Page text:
Such is the case with the intermittent fast, which is one of the latest trends to lose weight. People tout the benefits of a fast or refrain from ingesting food, up to a 24-hour period once or twice a week. Unfortunately, the latest trends tend to get the label of “fad diets.” A fad diet is one that takes the world by storm suddenly and becomes extremely popular for a short time period.

Intermittent Fasting and Ketosis

Ketosis used to treat epilepsy, especially in children, does so specifically to attain the same metabolic response you receive in a dietary fast.

Ketogenic Diets Mimic Metabolism Present in a Dietary Fast

Since biblical times, fasting and other methods were used to treat epilepsy. Starting in the 1920s, doctors started using intermittent fasting and ketosis to treat epilepsy unaffected by other treatments. As new anticonvulsants came on the market, intermittent fasting ketosis fell out of favor. Recently, physicians rediscovered intermittent fasting and ketosis and began using intermittent fasting ketosis to treat unresponsive epilepsy.

In another brief history of epilepsy, the author mentions that a fasting diet and other methods were used to treat people with epilepsy since 500 BC or before. He states that the ketogenic diet was introduced in the 1920s, specifically to mimic the metabolism of a fasting diet. For about two decades, this was the preferred method for treating epilepsy, until antiepileptic drug treatment was introduced. However, the past 25 years have seen a return to researching and using a ketogenic diet, especially for childhood epilepsy.

The Ketosis State Naturally Present in a Dietary Fast

Increased production of ketone bodies happens with a dietary fast. A comparison to calorie-restricted diets shows intermittent fasting is more open to ketogenesis as an energy production pathway. This allows the body to develop an increased concentration of fasting serum. When a ketogenic diet was fed to rats, they showed better resistance to seizures. (Ageing Research Reviews)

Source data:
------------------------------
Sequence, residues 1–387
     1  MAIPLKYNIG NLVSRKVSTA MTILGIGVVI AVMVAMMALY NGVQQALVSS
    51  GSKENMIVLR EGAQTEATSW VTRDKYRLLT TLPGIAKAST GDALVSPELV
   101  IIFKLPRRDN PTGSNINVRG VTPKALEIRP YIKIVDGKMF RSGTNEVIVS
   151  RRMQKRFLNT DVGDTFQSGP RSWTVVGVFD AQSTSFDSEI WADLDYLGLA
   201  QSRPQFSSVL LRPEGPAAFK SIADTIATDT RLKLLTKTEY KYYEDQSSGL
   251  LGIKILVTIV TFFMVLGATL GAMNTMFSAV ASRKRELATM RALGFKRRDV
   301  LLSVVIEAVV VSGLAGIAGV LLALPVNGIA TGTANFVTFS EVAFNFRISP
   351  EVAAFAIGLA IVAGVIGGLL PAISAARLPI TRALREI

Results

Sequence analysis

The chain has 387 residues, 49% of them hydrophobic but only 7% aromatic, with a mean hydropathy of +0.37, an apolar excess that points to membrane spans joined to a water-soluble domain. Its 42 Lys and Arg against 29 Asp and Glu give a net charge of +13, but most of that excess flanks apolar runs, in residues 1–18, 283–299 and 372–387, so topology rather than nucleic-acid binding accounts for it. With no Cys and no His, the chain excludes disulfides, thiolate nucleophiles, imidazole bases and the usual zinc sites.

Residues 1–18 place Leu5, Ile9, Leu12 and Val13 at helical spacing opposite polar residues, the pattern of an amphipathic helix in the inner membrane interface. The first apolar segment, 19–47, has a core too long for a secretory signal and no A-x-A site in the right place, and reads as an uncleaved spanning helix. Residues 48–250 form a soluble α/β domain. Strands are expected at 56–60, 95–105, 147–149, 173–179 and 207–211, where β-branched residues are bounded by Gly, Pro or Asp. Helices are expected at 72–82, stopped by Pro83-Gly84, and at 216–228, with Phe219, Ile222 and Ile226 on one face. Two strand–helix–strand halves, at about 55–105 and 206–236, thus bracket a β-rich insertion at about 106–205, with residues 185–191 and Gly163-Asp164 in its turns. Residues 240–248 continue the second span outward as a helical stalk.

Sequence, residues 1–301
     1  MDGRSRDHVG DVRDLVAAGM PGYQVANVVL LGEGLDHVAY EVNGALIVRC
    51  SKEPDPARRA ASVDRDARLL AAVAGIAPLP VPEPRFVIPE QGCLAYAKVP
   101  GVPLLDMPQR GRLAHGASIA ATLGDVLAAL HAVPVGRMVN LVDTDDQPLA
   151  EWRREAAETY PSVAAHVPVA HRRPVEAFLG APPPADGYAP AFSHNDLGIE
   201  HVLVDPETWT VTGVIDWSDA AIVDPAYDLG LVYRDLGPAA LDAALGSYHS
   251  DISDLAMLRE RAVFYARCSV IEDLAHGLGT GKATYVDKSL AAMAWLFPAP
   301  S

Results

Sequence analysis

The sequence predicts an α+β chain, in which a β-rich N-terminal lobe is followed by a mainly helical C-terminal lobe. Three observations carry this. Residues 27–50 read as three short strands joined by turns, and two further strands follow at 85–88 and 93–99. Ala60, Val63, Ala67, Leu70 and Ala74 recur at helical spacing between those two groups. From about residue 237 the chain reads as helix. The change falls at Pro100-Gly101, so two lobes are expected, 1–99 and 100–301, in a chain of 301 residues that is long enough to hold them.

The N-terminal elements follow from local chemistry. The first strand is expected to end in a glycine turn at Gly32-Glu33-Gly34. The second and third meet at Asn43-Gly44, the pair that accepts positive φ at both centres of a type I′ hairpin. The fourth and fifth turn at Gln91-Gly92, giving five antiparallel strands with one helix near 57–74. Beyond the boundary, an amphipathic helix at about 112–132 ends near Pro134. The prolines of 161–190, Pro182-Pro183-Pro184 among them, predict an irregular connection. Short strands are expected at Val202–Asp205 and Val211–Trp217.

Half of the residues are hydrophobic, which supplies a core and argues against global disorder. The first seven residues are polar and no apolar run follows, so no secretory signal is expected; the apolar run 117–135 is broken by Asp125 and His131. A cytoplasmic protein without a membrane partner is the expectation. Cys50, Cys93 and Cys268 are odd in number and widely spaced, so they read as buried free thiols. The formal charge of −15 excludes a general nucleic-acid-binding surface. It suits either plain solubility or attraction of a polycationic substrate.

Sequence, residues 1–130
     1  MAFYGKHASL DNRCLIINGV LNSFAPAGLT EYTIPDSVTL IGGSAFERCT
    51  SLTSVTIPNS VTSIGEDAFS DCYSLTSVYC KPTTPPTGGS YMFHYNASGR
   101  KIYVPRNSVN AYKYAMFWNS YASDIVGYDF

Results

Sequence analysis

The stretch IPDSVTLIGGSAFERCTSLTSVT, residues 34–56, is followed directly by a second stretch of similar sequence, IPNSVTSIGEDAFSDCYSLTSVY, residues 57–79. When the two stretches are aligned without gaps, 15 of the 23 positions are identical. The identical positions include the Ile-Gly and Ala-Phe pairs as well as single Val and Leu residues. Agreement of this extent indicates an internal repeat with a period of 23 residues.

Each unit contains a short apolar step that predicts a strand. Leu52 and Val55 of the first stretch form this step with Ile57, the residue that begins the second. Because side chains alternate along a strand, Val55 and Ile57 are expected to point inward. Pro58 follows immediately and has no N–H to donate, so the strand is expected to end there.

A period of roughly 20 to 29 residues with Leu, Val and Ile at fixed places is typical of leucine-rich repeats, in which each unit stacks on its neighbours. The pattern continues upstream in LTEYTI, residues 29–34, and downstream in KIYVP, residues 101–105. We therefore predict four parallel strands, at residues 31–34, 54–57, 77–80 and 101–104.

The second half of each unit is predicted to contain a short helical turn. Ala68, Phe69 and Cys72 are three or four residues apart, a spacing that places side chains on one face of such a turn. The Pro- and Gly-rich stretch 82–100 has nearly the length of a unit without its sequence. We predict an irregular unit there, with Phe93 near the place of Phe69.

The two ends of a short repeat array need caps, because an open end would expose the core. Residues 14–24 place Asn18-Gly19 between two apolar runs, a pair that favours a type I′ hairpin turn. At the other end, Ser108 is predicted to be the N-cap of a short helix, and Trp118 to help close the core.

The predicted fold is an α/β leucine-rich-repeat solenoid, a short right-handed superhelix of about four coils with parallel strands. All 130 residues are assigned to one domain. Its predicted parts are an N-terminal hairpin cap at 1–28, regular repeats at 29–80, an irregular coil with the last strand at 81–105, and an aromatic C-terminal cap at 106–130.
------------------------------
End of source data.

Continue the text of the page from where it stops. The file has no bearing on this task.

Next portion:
The importance of this preventative treatment cannot be overstated. When untreated, the degradation of toxic neuronal damage is devastating, especially in children.

Intermittent Fasting Results

While many results are listed for intermittent fasting, the best results are clinically-based studies where the results are evidence-based.

Evidence-based benefits for health when you practice intermittent fasting can be life-changing.

Powerful brain and body benefits exist if you practice an eating cycle that alternates between periods of eating and a fast period. This eating pattern is called an intermittent fast.

The Function of Genes, Hormones, and Cells Change when You Practice Intermittent Fasting

Positive Human Growth Hormone Changes

Growth hormone blood levels can increase up to five times the normal rate. Muscle gain, fat burning, and many additional positive benefits occur when there is an increase in growth hormone blood levels.

Cells Repair More Effectively

An intermittent fast spurs the body’s cells to repair, in part, by shedding waste material from inside the cells. The upregulation of autophagy is enhanced by a fast as well as when food is restricted. The liver benefits from this, and in 2010 a study found that the brain benefits as well.

Levels of Insulin Change

Fat burning is facilitated by a significant drop in insulin blood levels.

Your Brain Benefits from Intermittent Fasting

Improving the metabolic rate turns out to be excellent for the brain as well as the body.

Clinical studies have shown the growth of new nerve cells in rats who were placed on an intermittent fast schedule. Several studies in rats have shown that an intermittent fast may increase the growth of new nerve cells, which benefits brain function. Neural stem cells in the adult brain can multiply in a process called neurogenesis. This takes place in the hippocampus. Neurogenesis in the hippocampus reacts and affects physical and mental activity and can help brain injuries.